Sacramento is a very competitive market, he added. There are eight chain-link suppliers here, compared to just two in the much larger Los Angeles market, he said.

McClellan Park makes sense as a location in part because of Pacific Wholesale Fence’s “strong relationship” with Southwestern Wire Inc., a manufacturer at McClellan. Pacific is a distributor for Southwestern Wire, which weaves wire together into a chain-link pattern.

Pacific had $3.5 million in annual revenue last year and expects to surpass that this year.

Joe Curtis of Cornish & Carey Commercial Newmark Knight Frank represented Pacific Wholesale Fence in the deal.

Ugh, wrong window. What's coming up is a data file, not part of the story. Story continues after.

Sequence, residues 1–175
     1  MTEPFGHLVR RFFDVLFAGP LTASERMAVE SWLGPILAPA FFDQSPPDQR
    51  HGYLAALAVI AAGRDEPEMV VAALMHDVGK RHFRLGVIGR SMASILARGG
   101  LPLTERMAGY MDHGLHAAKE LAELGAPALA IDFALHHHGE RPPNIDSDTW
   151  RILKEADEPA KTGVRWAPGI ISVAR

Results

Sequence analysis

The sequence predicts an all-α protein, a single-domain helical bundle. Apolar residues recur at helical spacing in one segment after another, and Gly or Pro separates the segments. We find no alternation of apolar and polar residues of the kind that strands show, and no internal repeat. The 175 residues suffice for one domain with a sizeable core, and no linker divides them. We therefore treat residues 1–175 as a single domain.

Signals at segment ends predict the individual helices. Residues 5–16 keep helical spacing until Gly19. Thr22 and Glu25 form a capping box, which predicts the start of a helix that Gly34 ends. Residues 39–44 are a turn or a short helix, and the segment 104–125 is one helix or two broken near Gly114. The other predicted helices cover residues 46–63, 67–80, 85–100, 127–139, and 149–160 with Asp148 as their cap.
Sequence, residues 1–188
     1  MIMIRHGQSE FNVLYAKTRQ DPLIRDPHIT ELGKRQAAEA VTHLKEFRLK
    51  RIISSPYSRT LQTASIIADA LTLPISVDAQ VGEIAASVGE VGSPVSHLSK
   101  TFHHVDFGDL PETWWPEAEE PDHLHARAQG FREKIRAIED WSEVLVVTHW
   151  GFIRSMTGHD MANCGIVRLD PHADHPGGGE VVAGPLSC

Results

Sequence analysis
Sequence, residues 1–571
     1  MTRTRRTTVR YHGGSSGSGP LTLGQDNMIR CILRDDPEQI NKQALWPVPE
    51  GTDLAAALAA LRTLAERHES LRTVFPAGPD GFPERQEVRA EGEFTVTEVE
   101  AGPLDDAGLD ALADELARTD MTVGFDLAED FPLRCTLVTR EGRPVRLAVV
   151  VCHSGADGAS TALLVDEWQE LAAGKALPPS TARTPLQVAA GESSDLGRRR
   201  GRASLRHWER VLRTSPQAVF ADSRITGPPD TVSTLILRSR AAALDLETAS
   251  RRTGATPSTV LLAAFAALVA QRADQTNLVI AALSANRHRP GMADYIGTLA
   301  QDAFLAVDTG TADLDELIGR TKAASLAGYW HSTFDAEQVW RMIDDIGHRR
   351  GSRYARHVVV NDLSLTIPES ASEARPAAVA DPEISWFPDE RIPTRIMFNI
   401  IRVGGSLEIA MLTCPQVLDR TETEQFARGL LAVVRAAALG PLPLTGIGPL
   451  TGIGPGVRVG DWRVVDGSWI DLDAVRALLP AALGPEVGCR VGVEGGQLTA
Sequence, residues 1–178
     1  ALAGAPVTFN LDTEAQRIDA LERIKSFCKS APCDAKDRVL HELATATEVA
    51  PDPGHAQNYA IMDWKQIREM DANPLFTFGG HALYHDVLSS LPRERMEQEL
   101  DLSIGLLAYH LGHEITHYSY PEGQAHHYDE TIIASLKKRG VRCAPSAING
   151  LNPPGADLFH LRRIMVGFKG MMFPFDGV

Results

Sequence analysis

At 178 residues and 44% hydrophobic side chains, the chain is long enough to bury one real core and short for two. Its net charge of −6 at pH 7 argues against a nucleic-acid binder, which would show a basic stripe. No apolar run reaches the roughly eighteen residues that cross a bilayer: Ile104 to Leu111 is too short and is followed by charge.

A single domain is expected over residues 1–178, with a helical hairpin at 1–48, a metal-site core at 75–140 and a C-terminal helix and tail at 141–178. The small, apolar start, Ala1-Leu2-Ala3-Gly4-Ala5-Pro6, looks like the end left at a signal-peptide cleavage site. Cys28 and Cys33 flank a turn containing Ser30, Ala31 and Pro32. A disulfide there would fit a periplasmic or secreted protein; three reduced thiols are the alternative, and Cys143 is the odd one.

• A 38-year-old Chino-based rain-gutter and metal-roofing materials supplier is consolidating two local warehouses into one at McClellan Park. Custom-Bilt Metals, with operations in West Sacramento, is downsizing from about 50,000 square feet in the region to 23,840 square feet and a half acre at McClellan.

Joel Ramirez, operations manager for Custom-Bilt Metals, said the business climate continues to be tough. To cut costs, the company is reducing its inventory and getting rid of most of its local manufacturing. Plans call for opening a distribution center, with manufacturing, in Nevada.

Custom Bilt-Metals is set to move to McClellan on Aug. 1.

View this article at SacramentoBusinessJournal.com